The latest revelations from Miami which were reported by Yahoo! Sports on Wednesday were appalling, disappointing and shocking, but unfortunately not surprising.
While Miami's alleged violations were particularly heinous, if would be foolish to believe that the indiscretions at The U were unique. Instead, Miami has joined a long train of NCAA schools with serious and repeated violations. Ohio State, Memphis, USC, UNC and others have demonstrated that Miami is not the problem, but just another putrid symptom. And it would be naive to assume there aren't others with problems just as severe and widespread.
The NCAA has a huge problem.
Not all of their student athletes are Rhodes scholars or rocket scientists, but they're at least smart enough to realize that they are being taken advantage of at the expense of universities which make millions of dollars from their athletic prowess.
Age restrictions on entering professional sports have increasingly transformed intercollegiate athletics into an effective minor league farm system, with a disturbing number of athletes failing to earn four-year degrees and more leaving early to pursue professional careers.
Athletes understand that coaches and universities make millions off of their hard work and although all are fully aware of the rules and restrictions imposed by the NCAA, some justify accepting gifts or favors to justify the obvious inequity in intercollegiate athletics.
So long as college athletics, and college football in particular, is governed by the almighty dollar, corruption cannot be entirely eradicated. Money controls the NCAA to such an extent that college football players are not only robbed of fair compensation, but they are even robbed of a playoff system which almost all are in favor of.
But the money isn't going anywhere. Despite all the ugliness, we all still love college football and we are all still going to watch it. That means ticket sales will persist, television contracts will get bigger and corporate sponsorships will become more prominent. Despite repeated embarrassing scandals, the NCAA and college football will only get bigger.
Not one change can fix all this. A couple of rule changes will not restore the honesty to the term "student-athlete." It's broken like an Ipod or a cell phone. Pushing buttons won't fix it, you need a whole new damned thing.
But here's one idea. If you can't get the money out of the league, let's take it out of the of the individual teams and make college football about college football again.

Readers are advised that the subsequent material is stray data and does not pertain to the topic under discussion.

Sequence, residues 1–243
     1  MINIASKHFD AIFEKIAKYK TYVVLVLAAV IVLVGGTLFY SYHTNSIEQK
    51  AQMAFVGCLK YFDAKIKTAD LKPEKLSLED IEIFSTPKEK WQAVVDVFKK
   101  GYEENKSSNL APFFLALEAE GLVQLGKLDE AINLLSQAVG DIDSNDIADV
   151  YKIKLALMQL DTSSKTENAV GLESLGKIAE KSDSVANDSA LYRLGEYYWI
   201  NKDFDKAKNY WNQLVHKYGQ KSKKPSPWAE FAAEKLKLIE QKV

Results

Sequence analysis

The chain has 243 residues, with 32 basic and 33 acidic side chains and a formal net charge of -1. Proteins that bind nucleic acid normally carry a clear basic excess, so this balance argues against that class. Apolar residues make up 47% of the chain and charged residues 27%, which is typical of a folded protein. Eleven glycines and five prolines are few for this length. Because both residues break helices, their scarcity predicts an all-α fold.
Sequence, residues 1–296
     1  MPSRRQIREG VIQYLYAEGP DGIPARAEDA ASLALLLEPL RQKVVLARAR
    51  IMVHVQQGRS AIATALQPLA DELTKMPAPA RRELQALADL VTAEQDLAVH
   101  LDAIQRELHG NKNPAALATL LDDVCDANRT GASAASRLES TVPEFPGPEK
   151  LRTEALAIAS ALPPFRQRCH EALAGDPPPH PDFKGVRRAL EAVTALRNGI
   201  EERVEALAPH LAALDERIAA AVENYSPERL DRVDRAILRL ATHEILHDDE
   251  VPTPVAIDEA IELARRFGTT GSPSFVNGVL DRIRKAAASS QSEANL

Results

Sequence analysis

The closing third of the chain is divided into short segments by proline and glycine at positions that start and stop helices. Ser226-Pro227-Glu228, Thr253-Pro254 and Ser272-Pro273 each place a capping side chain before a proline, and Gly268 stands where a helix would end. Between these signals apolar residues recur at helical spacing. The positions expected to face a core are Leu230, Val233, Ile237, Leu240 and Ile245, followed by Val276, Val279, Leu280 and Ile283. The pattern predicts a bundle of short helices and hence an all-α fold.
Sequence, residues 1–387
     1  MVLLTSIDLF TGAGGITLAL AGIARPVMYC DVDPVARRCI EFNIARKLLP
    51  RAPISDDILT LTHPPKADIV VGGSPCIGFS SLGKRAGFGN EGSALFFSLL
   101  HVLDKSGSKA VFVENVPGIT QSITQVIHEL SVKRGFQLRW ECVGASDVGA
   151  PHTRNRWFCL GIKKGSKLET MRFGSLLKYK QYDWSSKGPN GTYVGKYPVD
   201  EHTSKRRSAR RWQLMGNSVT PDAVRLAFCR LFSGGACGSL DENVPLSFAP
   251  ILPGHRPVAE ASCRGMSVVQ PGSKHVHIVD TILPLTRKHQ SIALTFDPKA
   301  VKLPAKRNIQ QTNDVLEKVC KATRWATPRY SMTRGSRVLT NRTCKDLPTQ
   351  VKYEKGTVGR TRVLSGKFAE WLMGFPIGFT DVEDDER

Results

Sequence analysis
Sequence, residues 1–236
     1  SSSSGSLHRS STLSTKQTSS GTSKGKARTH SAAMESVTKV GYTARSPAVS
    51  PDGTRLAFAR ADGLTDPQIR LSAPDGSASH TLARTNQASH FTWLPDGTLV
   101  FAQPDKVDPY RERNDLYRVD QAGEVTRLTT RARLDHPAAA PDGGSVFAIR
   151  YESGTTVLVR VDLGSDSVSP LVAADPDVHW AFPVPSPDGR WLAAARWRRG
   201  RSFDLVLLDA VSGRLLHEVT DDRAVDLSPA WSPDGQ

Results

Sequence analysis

My proposed (admittedly radical) rule change: The head coach of an NCAA intercollegiate athletics program may not make more money annually than the highest paid professor at their respective institution.
The athletes are supposedly "amateurs," so why is it fair that the coaches are treated as professionals? Aren't they coaching an amateur sport? And isn't a "student-athlete" entitled to an education as good as their athletic experience? Isn't that what the term implies? Put "college" back in "intercollegiate." I guarantee that overnight there would be more Joe Paternos and fewer Nick Sabans in college football.
To give you a rough idea of how wide the disparity is between top paid coaches and professors, consider these numbers: in 2010, the university with the highest average salary for professor was Harvard University ($191,200). In the same year, Nick Saban was the highest paid coach in the NCAA, earning $5.17 million at the University of Alabama. The average professor at the University of Alabama makes $97,800 (and that's the highest average salary of any university in the state).
Of the 10 NCAA schools with the highest paid head coaches, all are state schools and not a single one reappears on the list of state schools with the highest average pay for professors. Where the pay is the best, the disparity in value between education and athletics is the worst.
A final exercise: Imagine you are an athlete at the University of Texas or Alabama. You come from a poor family and your devotion to your sport leaves you very little time for serious academic pursuits. You're a good athlete, but it's unlikely that you could make a career out of it. Every summer and every holiday, you retreat home to the same poverty in which you grew up. You know that your coach is making more than $5 million a year off of your blood and sweat, but if you hung out at the locker room after practice, you know he wouldn't be allowed to buy you a Gatorade or a slice of pizza because of NCAA rules. But there's a booster waiting for you in the parking lot. What happens next?
If we want to call it intercollegiate athletics, let's have college athletes and college coaches. If not, let's just call it what it is: minor league, professional athletics.